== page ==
Liturgical Architecture

Applying the Principles of Liturgical Architecture Today

Liturgical architecture, that’s to say the architecture of Christian churches, is one of the oldest means of mass communication on Earth. You are probably thinking that mass communication is a thing of modernity, but for the millennial before that, architecture was the great efficient communicator in humankind. There is a reason behind the elaborate and characteristic designs of Christian churches, basilicas, and cathedrals. To a largely illiterate audience, architecture was the dominant way to communicate and dogmatize the ideas of Christianity on a large scale. An imposing, seemingly impossible building can create a stronger sense of humility and awe in a person than the actual liturgy of a ceremony. So as you can see, the importance of liturgical architecture cannot be understated.

Liturgical Architecture

The Principles of Liturgical Architecture

For legendary author Victor Hugo, the language of architecture climaxed in cathedrals and churches. And, like any language, liturgical architecture has common principles that are necessary to properly communicate ideas. While the principles of Christianity will vary from one denomination to the other, a lot of the principles of liturgical architecture are reasonably consistent throughout them. Whether we are talking about a Catholic cathedral or a Methodist church, we can notice a lot of similarities between the architectural approaches to these temples.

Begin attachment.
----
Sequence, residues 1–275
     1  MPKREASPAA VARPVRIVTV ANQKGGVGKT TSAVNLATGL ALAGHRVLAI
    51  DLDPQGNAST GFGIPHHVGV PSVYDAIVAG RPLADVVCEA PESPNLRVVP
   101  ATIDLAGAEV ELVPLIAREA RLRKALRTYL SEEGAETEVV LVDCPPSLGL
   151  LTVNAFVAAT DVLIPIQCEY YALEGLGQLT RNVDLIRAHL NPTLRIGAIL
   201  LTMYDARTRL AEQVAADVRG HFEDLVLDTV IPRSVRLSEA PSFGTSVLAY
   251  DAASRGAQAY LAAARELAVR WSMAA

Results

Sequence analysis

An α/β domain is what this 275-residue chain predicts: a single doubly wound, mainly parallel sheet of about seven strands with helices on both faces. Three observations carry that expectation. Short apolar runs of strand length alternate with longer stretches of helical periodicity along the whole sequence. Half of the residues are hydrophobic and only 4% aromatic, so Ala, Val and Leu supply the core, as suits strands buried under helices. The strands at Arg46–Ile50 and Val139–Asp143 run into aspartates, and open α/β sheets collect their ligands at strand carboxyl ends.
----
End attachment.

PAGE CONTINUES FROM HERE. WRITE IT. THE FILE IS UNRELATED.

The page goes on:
Reaching to the Heavens

Why are churches, more often than not, tall? Even if they aren’t actually very tall, they do appear to be so via design and forced perspective. Bell Towers, naves, and spires, common instances in liturgical architecture, are the Christian version of pyramids and obelisks. These, from Ancient Egypt to Washington D.C., are meant to invite people to gaze upward towards the skies. Churches do the same thing. After all, Christianity is constantly pointing to the Heavens. You enter at ground level and symbolically rise towards paradise by stepping into a building that evokes the idea by way of height.

Humility by Way of Size

Have you ever come face to face with a cathedral or a basilica? They are humbling, to say the least. These gigantic structures that seem to be challenging nature just by standing are meant to make you feel humble, even insignificant. It’s the same reason why palaces and pyramids are so enormous. That way, these buildings immediately manage to communicate one of their intended purposes. Across most of its denominations, Christianity intends to instill humility into their congregations, and one of the many ways they do so is by the size of their churches. If these buildings are meant to represent the house of God, the way they do so is by replicating the feeling of standing in front of a divine entity.

Find a Liturgical Architecture Firm

Needless to say, designing a church is a gargantuan task. It is not easy to tackle such an intimidating endeavor, and if you’re looking for people up for it, you will need to find a liturgical architecture firm with experience and ambition. The architects in question need to understand the principles of liturgical architecture and how to apply them in the present. RBB Architects Inc. has designed a variety of liturgical buildings and spaces, thoroughly implementing these ancient ideas in relevant ways. For more information, you can call us at (310) 473-3555 or reach out to us through our website.

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